Barbe et al v. Ocwen Loan Servicing, LLC et al, No. 2:2018cv14037 - Document 53 (E.D. La. 2019)

Court Description: ORDER and REASONS - IT IS ORDERED that the defendants' motions to dismiss 33 , 36 are GRANTED; the plaintiff's unjust enrichment claims are hereby dismissed WITH PREJUDICE, and his breach of contract and tort claims are dismissed WITHOUT PREJUDICE. The plaintiff is granted leave to file a second amended complaint within thirty days to remedy the pleading deficiencies identified in this Order and Reasons. Signed by Judge Martin L.C. Feldman on 5/22/2019. (cbs)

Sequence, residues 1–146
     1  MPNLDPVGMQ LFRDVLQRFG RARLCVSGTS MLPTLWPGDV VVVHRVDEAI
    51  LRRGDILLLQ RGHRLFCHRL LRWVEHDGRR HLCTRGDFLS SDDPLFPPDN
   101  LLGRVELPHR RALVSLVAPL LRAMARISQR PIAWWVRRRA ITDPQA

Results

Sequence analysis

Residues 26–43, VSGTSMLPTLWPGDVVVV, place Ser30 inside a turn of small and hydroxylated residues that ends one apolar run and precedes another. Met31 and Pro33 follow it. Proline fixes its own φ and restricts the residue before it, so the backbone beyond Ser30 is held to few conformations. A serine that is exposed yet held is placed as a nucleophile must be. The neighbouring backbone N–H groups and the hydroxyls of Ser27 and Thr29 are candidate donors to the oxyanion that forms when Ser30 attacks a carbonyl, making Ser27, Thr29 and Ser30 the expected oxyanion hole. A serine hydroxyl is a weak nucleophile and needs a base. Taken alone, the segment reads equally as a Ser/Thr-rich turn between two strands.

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Barbe et al v. Ocwen Loan Servicing, LLC et al Doc. 53 UNITED STATES DISTRICT COURT EASTERN DISTRICT OF LOUISIANA MARC G. BARBE CIVIL ACTION v. NO. 18-14037 OCWEN LOAN SERVICING, LLC and AMERICAN MODERN HOME INSURANCE COMPANY SECTION “F” ORDER AND REASONS Before the Court are the defendants’ Rule 12(b)(6) motions to dismiss the plaintiff’s first amended complaint. For the reasons that follow, the motions are GRANTED. Background This lawsuit concerns allegations that a mortgage servicing company and a homeowners’ insurance carrier conspired to issue a force-placed insurance policy with inflated premiums and then failed to pursue and arbitrarily withheld policy proceeds. Marc Barbe and his wife, Renada, are the mortgagors of a home located in Metairie, Louisiana. Ocwen Loan Servicing, LLC services their mortgage. insure their The mortgage agreement requires the Barbes to property against any hazards “for which Lender requires insurance;” it further provides that, if they fail to 1 Dockets.Justia.com maintain appropriate coverage, “Lender may obtain insurance coverage, at Lender’s option and Borrower’s expense.” 1 1 The “Property Insurance” section of the mortgage agreement provides, in part: 5. Property Insurance. Borrower shall keep the improvements now existing or hereafter erected on the Property insured against loss by fire, hazards included within the term “extended coverage,” and any other hazards including, but not limited to, earthquakes and floods, for which Lender requires insurance. This insurance shall be maintained in the amounts (including deductible levels) and for the periods that Lender requires. What Lender requires pursuant to the preceding sentences can change during the term of the Loan. The insurance carrier providing the insurance shall be chosen by Borrower subject to Lender’s right to disapprove Borrower's choice, which right shall not be exercised unreasonably. . . . If Borrower fails to maintain any of the coverages described above, Lender may obtain insurance coverage, at Lender’s option and Borrower's expense. Lender is under no obligation to purchase any particular type or amount of coverage. Therefore, such coverage shall cover Lender, but might or might not protect Borrower, Borrower’s equity in the Property, or the contents of the Property, against any risk, hazard or liability and might provide greater or lesser coverage than was previously in effect. Borrower acknowledges that the cost of the insurance coverage so obtained might significantly exceed the cost of insurance that Borrower could have obtained. Any amounts disbursed by Lender under this Section 5 shall become additional debt of Borrower secured by this Security Instrument. These amounts shall bear interest at the Note rate from the date of disbursement and shall be payable, with such interest, upon notice from Lender to Borrower requesting payment. . . . In the event of loss, Borrower shall give prompt notice to the insurance carrier and Lender. Lender may make proof of loss if not made promptly by Borrower. Unless Lender and Borrower otherwise agree in writing, any insurance proceeds, whether or not the underlying insurance was required by Lender, shall be applied to 2 By letter dated December 31, 2015, Ocwen advised Mr. Barbe that it had not received proof of coverage, as required by the terms of the mortgage, and therefore had renewed a lender-placed policy at his expense. Ocwen explained that the policy’s annual premium of $3,927 would be billed to Mr. Barbe’s escrow account and that he could cancel the coverage at any time, and earn a corresponding refund of any unearned premium, by providing Ocwen with evidence of other acceptable coverage. Ocwen also strongly recommended that Barbe obtain his own policy and warned that the cost of the lender-placed coverage “may be much higher than the amount [he] would normally pay.” Finally, Ocwen attached to that letter a copy of the policy it had obtained from American Modern Home Insurance Company, which named Ocwen as the “insured” and listed the Barbes as “borrowers.” On August 5, 2016, high velocity winds damaged the Barbes’ roof and exterior elevations, which allowed water to infiltrate the interior of the home and damage the ceilings, walls, floors, and fixtures. The Barbes promptly notified American Modern and filed a claim under the policy. Modern’s adjusters provided According to the Barbes, American grossly inadequate estimates failed to fully and properly pay the property damage claim. restoration or repair of the Property, if restoration or repair is economically feasible Lender’s security is not lessened. . . . 3 the and and On August 3, 2018, Marc Barbe and Renada Barbe sued American Modern Home Insurance Company and Ocwen Loan Servicing, LLC in Louisiana state court, alleging that American Modern breached the insurance contract and engaged in bad faith claims adjusting practices under Louisiana law, that Ocwen breached the mortgage agreement by overcharging plaintiffs for the insurance policy and failing to assist them in pursuing insurance proceeds, and that the defendants negligently coordinated their efforts to overcharge plaintiffs for the policy. this Court, the defendants After timely removing the lawsuit to moved to petition for failure to state a claim. dismiss the plaintiffs’ The plaintiffs then filed an amended complaint on February 19, 2019, after which Renanda Barbe voluntarily dismissed her claims with prejudice. In his first amended complaint, Mr. Barbe asserts that he is an “insured” under the American Modern policy, or at the very least, a third-party beneficiary of the policy. He then alleges that American Modern breached the insurance contract by failing to properly investigate and pay his claim and is also liable for bad faith statutory penalties under Louisiana law. With respect to Ocwen, Mr. Barbe alleges that his mortgage servicer breached the mortgage agreement by overcharging for the insurance policy and by failing to assist him in obtaining sufficient insurance proceeds to repair his property. Barbe also alleges that American Modern and Ocwen participated in a conspiracy, in which Ocwen would pass 4 along an inflated premium to the Barbes and receive “commissions and/or kickbacks” from American Modern; he asserts a claim of unjust enrichment against each defendant for the alleged unearned benefits they received at his expense. The defendants now move to dismiss the plaintiff’s first amended complaint for failure to state a claim upon which relief may be granted. I. Rule 12(b)(6) of the Federal Rules of Civil Procedure allows a party to move for dismissal of a complaint for failure to state a claim upon which relief can be granted. Such a motion is rarely granted because it is viewed with disfavor. See Lowrey v. Tex. A & M Univ. Sys., 117 F.3d 242, 247 (5th Cir. 1997) (quoting Kaiser Aluminum & Chem. Sales, Inc. v. Avondale Shipyards, Inc., 677 F.2d 1045, 1050 (5th Cir. 1982)). Under Rule 8(a)(2) of the Federal Rules of Civil Procedure, a pleading must contain a “short and plain statement of the claim showing that the pleader is entitled to relief.” Ashcroft v. Iqbal, 556 U.S. 662, 678-79 (2009) (citing Fed. R. Civ. P. 8). “[T]he pleading ‘detailed standard factual Rule 8 allegations,’ announces but it does demands not more require than an unadorned, the-defendant-unlawfully-harmed-me accusation.” Id. at 678 (citing Bell Atl. Corp. v. Twombly, 550 U.S. 544, 555 (2007)). Stated differently, Rule 8 “does not unlock the doors of discovery 5 for a plaintiff armed with nothing more than conclusions.” Id. at 678-79. In considering a Rule 12(b)(6) motion, the Court “accept[s] all well-pleaded facts as true and view[s] all facts in the light most favorable to the plaintiff.” See Thompson v. City of Waco, Texas, 764 F.3d 500, 502 (5th Cir. 2014) (citing Doe ex rel. Magee v. Covington Cnty. Sch. Dist. ex rel. Keys, 675 F.3d 849, 854 (5th Cir. 2012) (en banc)). But, in deciding whether dismissal is warranted, the Court will not accept conclusory allegations in the complaint as true. Id. at 502-03; see also Iqbal, 556 U.S. at 678 (“[W]e are not bound to accept as true a legal conclusion couched as a factual allegation.”) (internal citations omitted). To survive dismissal, “‘a complaint must contain sufficient factual matter, accepted as true, to state a claim to relief that is plausible on its face.’” Gonzalez v. Kay, 577 F.3d 600, 603 (5th Cir. 2009) (quoting quotation marks omitted). Iqbal, 556 U.S. at 678) (internal “Factual allegations must be enough to raise a right to relief above the speculative level, on the assumption that all the allegations in the complaint are true (even if doubtful in fact).” footnote omitted). Twombly, 550 U.S. at 555 (citations and “A claim has facial plausibility when the plaintiff pleads factual content that allows the court to draw the reasonable inference misconduct alleged.” that the defendant is liable for the Iqbal, 556 U.S. at 678 (“The plausibility 6 standard is not akin to a ‘probability requirement,’ but it asks for more than a sheer possibility that a defendant has acted unlawfully.”). This is a “context-specific task that requires the reviewing court to draw on its judicial experience and common sense.” Id. at 679. “Where a complaint pleads facts that are merely consistent with a defendant’s liability, it stops short of the line between possibility and plausibility of entitlement to relief.” Id. at 678 (internal quotations omitted) (citing Twombly, 550 U.S. at 557). “[A] plaintiff’s obligation to provide the ‘grounds’ of his ‘entitle[ment] to relief’”, thus, “requires more than labels and conclusions, and a formulaic recitation of the elements of a cause of action will not do.” Twombly, 550 U.S. at 555 (alteration in original) (citation omitted). Finally, when reviewing a motion to dismiss, the Court may consider documents that are essentially “part of the pleadings” - that is, any documents attached to or incorporated into the plaintiff’s complaint plaintiff’s claim for by reference relief. that Causey are v. central Sewell to the Cadillac- Chevrolet, Inc., 394 F.3d 285, 288 (5th Cir. 2004) (citing Collins v. Morgan Stanley Dean Witter, 224 F.3d 496, 498-99 (5th Cir. 2000)). record The Court is also permitted to consider matters of public and other matters subject to judicial notice converting the motion into one for summary judgment. 7 without See United States ex rel. Willard v. Humana Health Plan of Texas Inc., 336 F.3d 375, 379 (5th Cir. 2003). Here, the Barbes’ mortgage agreement, the American Modern force-placed insurance policy, and Ocwen’s December 31, 2015 letter notifying the Barbes that the force-placed policy would be renewed are all attached to the plaintiff’s first amended complaint and are central to his claims for relief. may consider the content of these Therefore, the Court documents in deciding the defendants’ motions to dismiss. II. A. The Court first considers whether the plaintiff has stated a breach of contract claim against American Modern. Barbe alleges that American Modern breached Specifically, the force-placed insurance policy by failing to adequately investigate, adjust, and pay his claim. “To state a claim under an insurance policy, the plaintiff must be a named insured, an additional named insured, or an intended third-party beneficiary of the policy.” Guthrie Brown v. Am. Modern Home Ins. Co., No. 16-16289, 2017 U.S. Dist. LEXIS 80057, at *10-11 (E.D. La. May 25, 2017) (Lemmon, J.) (citing Williams v. Certain Underwriters of Lloyd’s of London, 398 F. App’x 44, 47 (5th Cir. 2010)). is either an insured, Although the plaintiff asserts that he or at the 8 very least a third-party beneficiary of the policy, he fails to allege facts to support either status. The plaintiff first alleges that he is an insured under the policy “according to the express language provided therein,” but he points to no language within the policy that identifies him as an insured or an additional named insured. To the extent he relies on the “Evidence of Insurance” certificate to support his purported insured status, another rejected that argument. Section of this Court has expressly See Riley v. Southwest Business Corp., No. 06–4884, 2008 WL 4286631, at *6-7 (E.D. La. Sept. 17, 2008). In Riley, Judge Vance held that an insurance certificate identical to the one at issue here did not constitute a binding contract between an insurance carrier and a borrower because it “clearly note[d] that [lender] is the ‘insured’ and that [plaintiff] is merely the ‘borrower[,]’” and it “expressly refer[ed] the reader to the terms of the policy and disclaim[ed] any legal effect.” Id. 2 Accordingly, the insurance certificate does not make Barbe a party to the American Modern insurance contract. 2 The “Evidence of Insurance” certificate issued in conjunction with the American Modern policy here lists Ocwen as the “insured” and merely lists plaintiff Marc Barbe as the “borrower.” It also contains the identical disclaimer as that of the certificate in Riley: THIS COVERAGE IS SUBJECT TO THE TERMS, CONDITIONS, AND EXCLUSIONS OF THE MASTER POLICY. THIS EVIDENCE DOES NOT AMEND, EXTEND, OR ALTER THE COVERAGE AFFORDED BY THE POLICY. IT IS ISSUED AS A MATTER OF INFORMATION ONLY. 9 The plaintiff’s attempt status fares no better. to claim third-party beneficiary Under Louisiana law, a contract for the benefit of a third party is referred to as a stipulation pour autrui. See Joseph v. Hosp. Serv. Dist. No. 2 of the Parish of St. Mary, 939 So. 2d 1206, 1211 (La. 2006). The Louisiana Supreme Court has articulated three criteria for determining whether a contract stipulates a benefit for a third party: “1) the stipulation for a third party is manifestly clear; 2) there is certainty as to the benefit provided the third party; and 3) the benefit is not a mere incident of the contract between the promisor and the promisee.” Id. at 1212. The state high court has emphasized that a “stipulation pour autrui is never presumed” and that “[t]he party claiming the benefit bears the burden of proof.” Id. Here, the American Modern policy states that Ocwen is the named insured, and it defines “you” and “your” as referring to Ocwen. The “Loss Payable” provision of the policy provides: “Loss, if any, shall be made payable to you as your interest appears.” Paragraph AA(2), in turn, states: “If we pay you for any loss and do not pay the mortgagor . . . .” When read together, these provisions reveal that the policy contemplates payment of any . . . FOR A COMPLETE COPY OF THE MASTER POLICY, CONTACT YOUR LENDER. 10 benefits in excess of Ocwen’s interest in the property to the Barbes. Notably, in considering force-placed insurance policies nearly identical to the one at issue here, other Sections of this Court have held that a mortgagor whose claim does not exceed the value of the mortgagee’s interest in the property does not qualify as a third-party beneficiary under the policy. See Guthrie Brown, 2017 U.S. Dist. LEXIS 80057, at *14-17; Lee v. Safeco Ins. Co. of Am., No. 08-1100, 2008 U.S. Dist. LEXIS 69817, *9-16 (E.D. La. July 2, 2008). In Lee v. Safeco Insurance Co. of America, another Section of this Court held that similar language in a force-placed policy “manifest[ed] a clear intent to benefit the borrower,” that the benefit was “certain once a particular condition [wa]s satisfied: when the loss payment exceed[ed] the insured’s interest in the property,” and that such benefit was not “a mere incident of the contract.” 2008 U.S. Dist. LEXIS 69817, *10-15. In the absence of any allegations to the contrary, the Lee Court assumed that any loss payment “could conceivably exceed [the mortgagee’s] interest in the insured property” and therefore insurance company’s Rule 12(b)(6) motion to dismiss. denied the Id. at *13- 16. More recently, in Guthrie Brown v. American Modern Home Insurance Co., another Section of this Court dismissed a breach of contract claim against American Modern, without prejudice, where 11 the mortgagors’ complaint contained “no information regarding the amount of [the] insurance claim plaintiffs’ mortgage balance.” *14-16. against American Modern or 2017 U.S. Dist. LEXIS 80057, at Judge Lemmon reasoned: Without allegations demonstrating that the condition requiring American Modern to pay plaintiffs was triggered, i.e., that the amount of the loss exceeds the mortgage balance, plaintiffs’ complaint does not sufficiently allege that there was a stipulation pour autrui, and plaintiffs have not stated a claim against American Modern for breaching the insurance contract. Id. at *15-16. Ultimately, the Guthrie Brown plaintiffs’ third- party beneficiary claim against American Modern was dismissed with prejudice when they failed to plead in their second amended complaint facts demonstrating that the value of their insurance claim exceeded their current mortgage balance. Guthrie Brown v. Am. Modern Home Ins. Co., No. 16-16289, 2017 U.S. Dist. LEXIS 116842, at *4-6 (E.D. La. July 26, 2017). Like the plaintiffs in Guthrie Brown, Mr. Barbe fails to plead facts that, if proved, would demonstrate that the value of the damage to his home exceeds his current mortgage balance. 3 3 In the Although he pleads through his first amended complaint (and its attachments) that the policy provides up to $286,070 in coverage and that the mortgage granted the mortgagee only a $211,500 interest in the property, he pleads no facts concerning the current balance on the mortgage. Even assuming that $211,500 represents plaintiff’s current mortgage balance, Barbe has nonetheless pled that Ocwen’s interest in the home exceeds the value of the property damage claim, which he alleges is approximately $158,389.81. Specifically, Barbe pleads that American Modern underestimated the loss at $19,198.56 12 absence of such allegations, Barbe fails to state a claim against American Modern for breach of the insurance policy. And because the plaintiff has not stated a breach of contract claim against American Modern, he likewise may not bring a claim for bad faith claims handling practices under La. R.S. §§ 22:1892 or 22:1973. See Guthrie Brown I, 2017 U.S. Dist. LEXIS 80057, at *16 n.2 (citing Bradley v. Allstate Ins. Co., 620 F.3d 509, 529 (5th Cir. 2010)). 4 However, as leave to amend shall be freely granted, the Court will allow Barbe one final opportunity to amend his complaint to allege facts demonstrating that the value of his insurance claim exceeds the current balance on his mortgage, if he can in good faith do so. B. The Court next considers whether the plaintiff has stated a breach of contract claim against Ocwen. Barbe alleges in his first ($11,895.48 (ACV) plus an additional $7,303.08 (ACV)) when “additional necessary repairs would cost in excess of $139,191.25.” 4 To the extent he attempts to assert a negligence claim against American Modern, such efforts likewise fail because he has not plausibly alleged that American Modern owes him any duty. See Jackson v. Ferrand, 658 So. 2d 691, 698 (La. App. 4 Cir. 1994) (Under Louisiana law, a negligence claim is governed by the dutyrisk analysis, which requires the plaintiff to prove that: (1) “the defendant had a duty to conform his conduct to a specific standard; (2) “the defendant failed to conform his conduct to the appropriate standard;” (3) the “substandard conduct was a causein-fact of the plaintiff’s injuries;” (4) the “substandard conduct was a legal cause of the plaintiff’s injuries;” and (5) “actual damages.”) (internal citations omitted). 13 amended complaint that Ocwen breached the mortgage agreement by overcharging for the insurance policy while receiving kickbacks from American Modern and by failing to assist him in pursuing his insurance claim. To state a claim for breach of contract under Louisiana law, “a plaintiff must allege a breach of a specific provision of the contract.” Supp. 2d Blackstone v. Chase Manhattan Mortgage Corp., 802 F. 732, 738 (E.D. La. July 19, 2011). Because the allegations in Barbe’s complaint do not identify any contractual promise that Ocwen breached, the Court finds that Barbe has failed to state a claim for breach of contract against Ocwen. First, with respect to Barbe’s claim that Ocwen overcharged him for insurance, nothing in the mortgage limits the amount that can be charged for hazard coverage. To the contrary, the mortgage agreement expressly provides: If Borrower fails to maintain any of the coverages described above, Lender may obtain insurance coverage, at Lender’s option and Borrower’s expense. Lender is under no obligation to purchase any particular type or amount of coverage. Therefore, such coverage shall cover Lender, but might or might not protect Borrower, Borrower’s equity in the Property, or the contents of the Property, against any risk, hazard liability and might provide greater or lesser coverage than was previously in effect. Borrower acknowledges that the cost of the insurance coverage so obtained might significantly exceed the cost of insurance that Borrower could have obtained. Emphasis added. The explicit terms of the mortgage vest the lender with authority to obtain insurance (after the borrower has failed 14 to procure his own) that is substantially more expensive than what the borrower could have selected and that may or may not cover the borrower’s interest in the property. Insofar as Barbe claims that Ocwen breached the mortgage agreement by receiving “commissions and/or kickbacks” from its lender-placed insurance carrier, such efforts likewise fail. Because “[n]o language in the mortgage agreement splits [Ocwen’s] loyalty between protecting its own property and obtaining an affordable [lender-placed policy] for the borrower,” any payments it may have received from American Modern constitute a commission, rather than a kickback. See Woodside v. Pac. Union Financial, LLC, No. 17-12191, 2018 U.S. Dist. LEXIS 47200, at *10-12 (E.D. La. Mar. 22, 2018) (Feldman, J.) (citing Cohen v. Am. Sec. Ins. Co., 735 F.3d 601 (7th Cir. 2013)). Moreover, the mortgage agreement and the related notices do not prohibit Ocwen from receiving a commission from the insurer. See id. at *11. Barbe next alleges that Ocwen breached the mortgage agreement by failing to pursue, or assist him in pursuing, sufficient insurance proceeds from American Modern to repair the property. With respect to the insurance claims process, the mortgage provides that “Borrower shall give prompt notice to the insurance carrier and Lender” of loss; however, it places no obligation on Ocwen to independently pursue or even assist insurance proceeds from the insurer. 15 the Barbes in pursuing Moreover, the permissive provision that allows Ocwen to “make proof of loss if not made promptly by Borrower” also does not impose upon Ocwen a duty to submit proof of loss or otherwise pursue a claim. Rather, it vests Ocwen with the right to submit proof of loss to the insurer in the event the Barbes fail to do so. Accordingly, the terms of the mortgage do not give rise to a duty on the part of Ocwen to pursue insurance proceeds from American Modern. In the alternative, Barbe alleges that “Ocwen assumed the duty to pursue insurance proceeds.” However, he also admits in his complaint that Ocwen did not submit a claim to American Modern: “The Barbes, not Ocwen, initiated the claim with AMHIC, though Ocwen sought to participate in the claims process, and thus triggered Ocwen’s duty to pursue AMHIC for necessary and proper insurance proceeds inuring to the benefit of the Property.” The bare factual allegation that “Ocwen sought to participate in the claims process,” without more, does not support a finding that Ocwen assumed a duty to pursue insurance proceeds. Because the plaintiff has not plausibly alleged that Ocwen owed a duty under the mortgage or otherwise assumed a duty to pursue insurance proceeds, he fails to state a claim against Ocwen for breach of the mortgage agreement or negligent failure to obtain sufficient payments. See Obioha v. Proctor Fin. Ins. Co., Nos. 06-5364, 06-9231, 2007 U.S. Dist. LEXIS 73635, at *9-10 (E.D. La. Oct. 2, 2007) (“Plaintiff points to no provision of his mortgage 16 contract that gives rise to a duty to adjustment under the insurance contracts. him regarding claims Nor does he point to any facts that suggest that [the mortgagee] assumed a duty under tort law with respect to the adjustment of the insurance claims.”). Barbe adds that Ocwen breached the duty of good faith and fair dealing by intentionally and maliciously overcharging for insurance and by failing to procure sufficient proceeds under the policy. Having determined that Barbe has not plausibly alleged Ocwen’s breach of the mortgage agreement, the Court likewise finds that he not alleged a breach of the obligation of good faith and fair dealing implicit in that contract. See Schaumburg v. State Farm Mut. Auto Ins. Co., 421 F. App’x 434, 439 (5th Cir. 2011) (“A breach of the duty of good faith and fair dealing requires a breach of a contract.”). 5 III. The Court next considers whether the plaintiff has stated a claim against American Modern or Ocwen for “civil conspiracy” or unjust enrichment. Both claims concern the defendants’ purported participation in a scheme involving inflated insurance premiums and “kickbacks.” Specifically, the plaintiff alleges in his first amended complaint: 5 In addition, to the extent Barbe attempts to assert a negligence claim against Ocwen, such efforts fail because he has not plausibly alleged that Ocwen owes any duty to him. See Jackson, 658 So. 2d at 698. 17 • • • Upon information and belief, Ocwen was involved in a relationship with AMHIC such that AMHIC billed Ocwen an inflated amount for the force-placed Policy, and Ocwen passed along that inflated premium to the Barbes. Upon information and belief, and unknown to the Barbes, AMHIC provided Ocwen with unearned “kickbacks” by making direct payments to Ocwen, by providing Ocwen with a percentage of the premium charged to the Barbes, by subsidizing or discounting administrative services charged to Ocwen, by entering into captive reinsurance deals with Ocwen, and/or by other means. This relationship is evidenced by the Barbes’ hyperinflated premium under the Policy and allegations made against Ocwen by other persons/entities nationwide. A. Article 2324 of the Louisiana Civil Code provides that “[h]e who conspires with another person to commit an intentional or willful act is answerable, in solido, with that person, for the damage caused by such act.” The Louisiana Supreme Court has explained that Article 2324 “does not by itself impose liability for a civil conspiracy,” for “‘[t]he actionable element in a claim under this Article is not the conspiracy itself, but rather the tort which the conspirators agreed to perpetrate and which they actually commit in whole or in part.’” Ross v. Conoco, Inc., 828 So. 2d 546, 552 (La. 2002) (quoting Butz v. Lynch, 710 So. 2d 1171, 1174 (La. App. 1 Cir. 1998)). In other words, a civil conspiracy is simply a means to impute liability for an underlying tort. id. See To establish the existence of a civil conspiracy, a plaintiff 18 must show that “an agreement existed to commit an illegal or tortious act, which act was actually committed, which resulted in the plaintiff’s injury, and there was an agreement as to the intended outcome or result.” Curole v. Delcambre, 224 So. 3d 1074, 1082 (La. 3 Cir. 2017). The plaintiff’s complaint is at best an attempt to cover all boilerplate assertions. Barbe also submits, in his opposition papers, that the defendants engaged in a “conspiracy to defraud borrowers” and that their conduct amounts to “negligence.” As previously discussed, Barbe’s attempt to assert a negligence claim fails because he has not plausibly alleged that either defendant owes him any duty with respect to the amount of insurance premiums. Accordingly, the viability of his conspiracy claim turns on whether he has plausibly alleged that: (1) Ocwen and American Modern agreed to commit fraud by charging inflated premiums; (2) they actually committed fraud; (3) he suffered injury as a result; and (4) they agreed to the intended outcome or result. See Curole, 224 So. 3d at 1082. Under Louisiana law, “[f]raud is a misrepresentation or a suppression of the truth made with the intention either to obtain an unjust advantage for one inconvenience to the other.” party or to cause La. Civ. Code art. 1953. a loss or Moreover, state law fraud claims, such as the one alleged by Barbe here, are subject to the heightened pleading requirement set forth in Federal 19 Rule of Civil Procedure 9(b). Dorsey v. Portfolio Equities, Inc., 540 F.3d 333, 338-39 (5th Cir. 2008). must state fraud.” with particularity the Fed. R. Civ. Proc. 9(b). Under Rule 9(b), “a party circumstances constituting The Fifth Circuit “‘interprets Rule 9(b) strictly, requiring a plaintiff pleading fraud to specify the statements contended to be fraudulent, identify the speaker, state when and where the statements were made, and explain why the statements were fraudulent.’” Dorsey, 540 F.3d at 339 (quoting Herrmann Holdings Ltd. v. Lucent Techs. Inc., 302 F.3d 552, 56465 (5th Cir. 2002)). Case literature from another Section of this Court concerning fraud-based RICO conspiracy claims against a mortgage servicer and an insurer provides helpful guidance. In Robinson v. Standard Mortgage Corp., a mortgagor, like Mr. Barbe, alleged that the mortgage servicer on her home colluded with an insurance company “to manipulate the force-placed insurance market by artificially inflating the amounts that borrowers pay for coverage.” Supp. 3d 630, 634 (E.D. La. June 7, 2016). 191 F. The plaintiff further alleged that the mortgage company would receive a “commission” or “kickback” in exchange for the privilege of collecting inflated premiums from borrowers. Id. In analyzing facts nearly identical to those alleged in Mr. Barbe’s complaint, the Robinson court dismissed the plaintiff’s federal law fraud claims, in light of the “clear disclosures” in the mortgage company’s letters and the 20 absence of allegations of an unlawful kickback arrangement. at 641-43. Id. The Robinson court reasoned: Standard Mortgage notified Robinson that failing to correct an insurance deficiency would result in the imposition of force-placed insurance; it accurately disclosed the amount that Robinson would be charged for force-placed insurance coverage; and it informed Robinson that she would probably be able to obtain less expensive coverage by purchasing her own insurance policy . . . . Simply put, “[t]he Court cannot see how letters that warn of an imminent bad deal and urge one to seek better, could possibly be calculated to deceive anyone.” Weinberger v. Mellon Mortgage Co., No. CIV.A. 98-2490, 1998 U.S. Dist. LEXIS 14084, 1998 WL 599192, at *5 (E.D. Pa. Sept. 10, 1998). Moreover, setting aside the disclosures in Standard Mortgage’s letters, Robinson's “kickback” allegations are facially implausible. . . . Standard Mortgage was not subject to divided loyalties when it force-placed insurance on Robinson’s property. The mortgage agreement makes clear that the insurance requirement exists to protect the lender’s interest in the mortgaged property: “Borrower shall insure all improvements on the property . . . against any hazards, casualties, and contingencies, including fire, for which Lender requires insurance. This insurance shall be maintained in the amounts and for the periods that Lender requires.” . . . Nothing in these terms requires the lender to purchase the cheapest insurance or the insurance that provides the most value for the borrower. Thus, Standard Mortgage did not act on Robinson’s behalf when it force-placed insurance coverage; it acted to protect its own interest in the mortgaged property--an interest that Robinson threatened by breaching her own contractual duty to maintain insurance coverage . . . . Id. at 641-42. Although the Robinson court addressed allegations of a fraudbased conspiracy under the Racketeer Influenced and Corrupt Organizations Act, the Court finds its reasoning persuasive. 21 Mr. Barbe alleges that Ocwen and American Modern engaged in a scheme to defraud him by passing on inflated insurance premium prices, without disclosing that Ocwen would receive commissions, discounted services, and/or kickbacks from American Modern. But, like the Robinson plaintiff, he attaches documents to his complaint confirming that Ocwen warned him about the price of the premiums, urged him to obtain his own coverage, and explained that the forceplaced coverage was “primarily for the benefit of the owner on [his] mortgage loan.” Mr. Barbe fails to state a claim for fraud. B. In the alternative, Barbe asserts a claim of unjust enrichment against both defendants concerning their role in the purported insurance premium kickback scheme. He alleges that American Modern would charge him an inflated premium and then provide Ocwen with kickbacks and commissions to maintain the right to force place policies on other properties in which Ocwen has a security interest. Louisiana Civil Code Article 2298 codifies Louisiana’s doctrine of unjust enrichment as follows: A person who has been enriched without cause at the expense of another person is bound to compensate that person. The term “without cause” is used in this context to exclude cases in which the enrichment results from a valid juridical act or the law. The remedy declared here is subsidiary and shall not be available if the law provides another 22 remedy for the impoverishment or declares a contrary rule. La. Civ. Code art. 2298. Thus, to maintain a claim for unjust enrichment under Louisiana law, a plaintiff must show: (1) an enrichment, (2) an impoverishment, (3) “a connection between the enrichment and the resulting impoverishment,” (4) “an absence of ‘justification’ or ‘cause’ for the enrichment and impoverishment,” and (5) that there is “no other remedy at law available to plaintiff.” Laborde v. Dastugue, 868 So. 2d 228, 234-35 (La. App. 4 Cir. 2004) (citations omitted). Here, the defendants contend that the no-other-remedy-at-law element cannot be satisfied. They submit that the availability of other remedies at law (here, a breach of contract claim against Ocwen) precludes a claim of unjust enrichment. They also challenge Barbe’s ability to satisfy the enrichment and impoverishment elements of his claim, contending that he received insurance coverage and policy proceeds in return for the insurance premiums he paid. The Court agrees with the defendants that Louisiana law precludes Barbe’s unjust enrichment claim. “Louisiana law provides that no unjust enrichment claim shall lie when the claim is based on a relationship that is controlled by an enforceable contract.” Drs. Bethea, Moustoukas & Weaver, LLC v. St. Paul Guardian Ins. Co., 376 F.3d 399, 409 (5th Cir. 2004) (citing 23 Edwards v. Conforto, 636 So. 2d 901, 907 (La. 1993)); see also Miller v. Housing Auth. of New Orleans, 190 So. 2d 75, 81 (1966) (“Our Code makes it clear that the equitable doctrine of unjust enrichment can apply only where the parties have not contracted in regard to a matter.”). Because the mortgage agreement is a valid contract defining Ocwen and Barbe’s rights and duties concerning insurance coverage, Louisiana law bars Barbe’s unjust enrichment claim. The mortgage agreement required the Barbes to maintain insurance coverage on their property and permitted Ocwen to obtain insurance on the property in the event they failed to do so. The mortgage also warned about the potential high cost of force-placed coverage, explicitly stating that the cost might significantly exceed the cost of insurance that the Barbes could have obtained on their own. Mr. Barbe does not dispute that he failed to maintain insurance coverage as required by the mortgage or that Ocwen had the right to force place coverage on the property pursuant to the terms of their agreement. mortgage does not To the extent Barbe submits that the expressly address Ocwen’s receipt of “kickbacks,” the Court has already determined that such payments are properly characterized as “commissions,” and that the mortgage does not prohibit Ocwen from receiving them. Because Ocwen acted within its contractual rights under the mortgage, Mr. Barbe fails 24 to state a claim upon which relief can be granted for unjust enrichment. Accordingly, for the foregoing reasons, IT IS ORDERED: that the defendants’ motions to dismiss are GRANTED; the plaintiff’s unjust enrichment claims are hereby dismissed WITH PREJUDICE, and his breach of contract and tort claims are dismissed WITHOUT PREJUDICE. The plaintiff is granted leave to file a second amended complaint within thirty days to remedy the pleading deficiencies identified in this Order and Reasons. 6 New Orleans, Louisiana, May 22, 2019 ______________________________ MARTIN L. C. FELDMAN UNITED STATES DISTRICT JUDGE 6 Given that plaintiff now faces his second opportunity to plead valid causes of action, his failure to do so will justify dismissal with prejudice. See also 28 U.S.C. § 1927. 25